and the ergodic point of view (when one endows the Banach space Z with an A-invariant
probability measure), and we refer the reader to the two books [4] and [11] for more on
this particular class of dynamical systems.

The result of [10], when specialized to the case where G = Z, thus says that any
invertible ergodic probability-preserving dynamical system can be represented as a linear
dynamical system where the underlying space is a Hilbert space, and, moreover, the same
operatorS onHcan serve as a model for any such dynamical system. Given the apparent
rigidity entailed by linearity, the universality result of [10] in the case where G=Z may
seem rather surprising. It is worth pointing out here that a topological version of this
result had been obtained previously by Feldman in [8]: there exists a bounded operatorA
on the Hilbert space `2(N) which has the following property: wheneverϕis a continuous
self-map of a compact metrizable spaceK, there exists a compact subsetLof`_{2}(N) which
isA-invariant and an homeomorphism Φ :K→Lsuch thatϕ= Φ^{−1}◦A◦Φ. The proof of
this topological result is rather straightforward, but it already gives a hint at the richness
of the class of linear dynamical systems.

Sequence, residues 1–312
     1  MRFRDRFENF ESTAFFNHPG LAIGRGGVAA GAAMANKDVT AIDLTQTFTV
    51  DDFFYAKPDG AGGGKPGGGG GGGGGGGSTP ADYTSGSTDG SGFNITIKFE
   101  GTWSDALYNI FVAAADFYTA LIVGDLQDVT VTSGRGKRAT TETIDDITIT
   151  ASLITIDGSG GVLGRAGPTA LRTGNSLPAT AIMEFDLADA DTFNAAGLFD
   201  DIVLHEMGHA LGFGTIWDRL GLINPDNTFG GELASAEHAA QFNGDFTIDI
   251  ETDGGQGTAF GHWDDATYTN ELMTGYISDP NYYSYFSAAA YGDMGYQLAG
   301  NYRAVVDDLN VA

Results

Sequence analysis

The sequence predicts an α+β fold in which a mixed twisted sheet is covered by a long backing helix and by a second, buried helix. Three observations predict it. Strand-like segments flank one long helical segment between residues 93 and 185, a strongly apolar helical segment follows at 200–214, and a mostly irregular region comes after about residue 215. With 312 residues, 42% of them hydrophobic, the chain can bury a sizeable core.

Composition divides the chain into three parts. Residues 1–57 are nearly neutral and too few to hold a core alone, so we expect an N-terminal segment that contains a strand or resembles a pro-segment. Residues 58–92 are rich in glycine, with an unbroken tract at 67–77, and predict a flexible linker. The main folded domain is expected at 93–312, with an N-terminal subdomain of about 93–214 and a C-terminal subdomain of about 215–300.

A bounded operator A acting on the Banach space Z is said to be hypercyclic if it
admits a vectorz∈Z whose orbit{A^{n}z; n≥0}is dense in Z, and frequently hypercyclic
if there exists a vectorz ∈Z such that for every non-empty open subset V of Z, the set
{n≥0; A^{n}z∈V}has positive lower density. IfAadmits an invariant probability measure
with full support with respect to which it is ergodic, then Birkoff’s ergodic theorem is
easily seen to imply that almost all vectors of Z are frequently hypercyclic for A. Thus
any universal operator is frequently hypercyclic. Let us now say a few words about the
construction of universal operators of [10].

The universal operators constructed in [10] are shift operators on certain weighted`p- spaces of sequences on Z for 1 < p < +∞, or, equivalently, weighted shift operators on